But, given that these facilities are new, they nonetheless brought dollars for exchange—money they plan to swap inside one of Rangoon’s banks, rather than on the street.
“It was not clear to us how many ATMs there are and how reliable they can be,” says March.
Scanning a map of Burma they draped over a table in a café, March and Pedros point out that they will spend no more than a couple days of their one-month holiday in Rangoon. “We will be in the countryside and traveling most of the time—to Golden Rock, to Inle Lake, to Mandalay, to Bagan,” says Pedros, listing some of Burma’s tourist draws. “We don’t know if there will be ATMs outside Yangon, even if the system here in the city is good.”
In Rangoon, ATMs are still scattered, as are POS locations in shops and restaurants where credit cards can be used, so tourists might face a couple miles’ walk or a taxi ride to the nearest one—assuming they know where it is. Seeking assistance from a hotel concierge—a usual compass-beating orientation routine for befuddled tourists—might not help, either. Asked if they knew where to find the nearest credit card-friendly ATM, staff members at the nearby Traders and Central hotels advised The Irrawaddy to try some of Rangoon’s big shopping malls, such as Junction Mawtin or Yuzana Plaza, although there is an ATM less than a five-minute walk from both hotels.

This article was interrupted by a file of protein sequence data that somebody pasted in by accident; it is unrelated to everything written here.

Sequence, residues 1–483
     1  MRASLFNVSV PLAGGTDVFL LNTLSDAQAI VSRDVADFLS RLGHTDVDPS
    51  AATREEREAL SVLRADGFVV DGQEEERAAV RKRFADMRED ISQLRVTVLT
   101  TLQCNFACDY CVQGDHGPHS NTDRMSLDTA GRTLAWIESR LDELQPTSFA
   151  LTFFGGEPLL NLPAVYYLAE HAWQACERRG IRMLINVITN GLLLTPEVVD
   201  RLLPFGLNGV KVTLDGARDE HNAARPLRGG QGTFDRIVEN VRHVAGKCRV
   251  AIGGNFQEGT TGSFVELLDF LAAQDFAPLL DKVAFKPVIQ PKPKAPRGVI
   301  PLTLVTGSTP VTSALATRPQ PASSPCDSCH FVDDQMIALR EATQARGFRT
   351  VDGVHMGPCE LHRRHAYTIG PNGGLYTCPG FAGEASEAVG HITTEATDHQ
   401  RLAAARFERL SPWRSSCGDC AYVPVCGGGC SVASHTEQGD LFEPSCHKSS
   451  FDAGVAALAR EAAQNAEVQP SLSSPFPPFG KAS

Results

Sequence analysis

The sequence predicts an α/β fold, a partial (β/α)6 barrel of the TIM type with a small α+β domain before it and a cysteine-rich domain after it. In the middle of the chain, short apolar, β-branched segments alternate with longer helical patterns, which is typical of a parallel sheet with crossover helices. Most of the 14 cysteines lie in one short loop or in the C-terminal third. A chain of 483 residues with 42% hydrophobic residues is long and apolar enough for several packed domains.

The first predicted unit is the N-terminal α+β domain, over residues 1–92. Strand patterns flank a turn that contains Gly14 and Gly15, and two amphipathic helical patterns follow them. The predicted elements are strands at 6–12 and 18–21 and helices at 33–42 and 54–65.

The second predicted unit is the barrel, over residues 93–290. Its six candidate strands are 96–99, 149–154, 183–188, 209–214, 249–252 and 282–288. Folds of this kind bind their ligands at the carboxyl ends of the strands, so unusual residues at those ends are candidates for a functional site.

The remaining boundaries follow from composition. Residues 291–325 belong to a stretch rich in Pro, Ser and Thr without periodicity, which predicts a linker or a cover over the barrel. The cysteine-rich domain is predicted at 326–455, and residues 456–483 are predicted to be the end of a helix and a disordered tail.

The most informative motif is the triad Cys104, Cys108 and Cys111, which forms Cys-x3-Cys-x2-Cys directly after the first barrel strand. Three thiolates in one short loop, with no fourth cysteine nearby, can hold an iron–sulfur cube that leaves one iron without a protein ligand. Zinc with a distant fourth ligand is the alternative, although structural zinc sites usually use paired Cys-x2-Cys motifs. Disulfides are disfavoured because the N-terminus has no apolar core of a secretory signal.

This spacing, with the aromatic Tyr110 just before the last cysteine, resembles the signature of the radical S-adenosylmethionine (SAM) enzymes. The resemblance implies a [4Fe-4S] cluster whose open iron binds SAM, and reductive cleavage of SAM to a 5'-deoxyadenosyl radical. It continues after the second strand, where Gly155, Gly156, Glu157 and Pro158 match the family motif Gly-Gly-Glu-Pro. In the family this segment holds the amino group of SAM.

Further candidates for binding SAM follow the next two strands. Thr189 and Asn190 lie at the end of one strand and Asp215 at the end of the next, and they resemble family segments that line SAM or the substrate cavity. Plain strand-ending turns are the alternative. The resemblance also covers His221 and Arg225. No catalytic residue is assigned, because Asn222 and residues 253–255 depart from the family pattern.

There, Albert Aung is manager of the CB Bank branch, close to Sule Pagoda and Rangoon’s City Hall. He says his usual money-changing business has not yet been affected by the ATM on the wall outside, one of the few locations across the city where a Visa card can be used to withdraw cash.
“Many foreigners don’t know that we have a machine [ATM] here in Myanmar,” he says. “They still think they need to bring dollars to change.”
Another reason the branch’s exchange business is holding, for now, is the ongoing fall in value of the kyat, which seems yet to find its optimum market value amid Burma’s ongoing economic reforms and uptick in foreign investment.
“The rate has become more or less the black-market rate, or, as we call it nowadays, the ‘informal’ rate,” says Than Lwin, deputy director of KBZ Bank, which has 55 ATMs across Burma.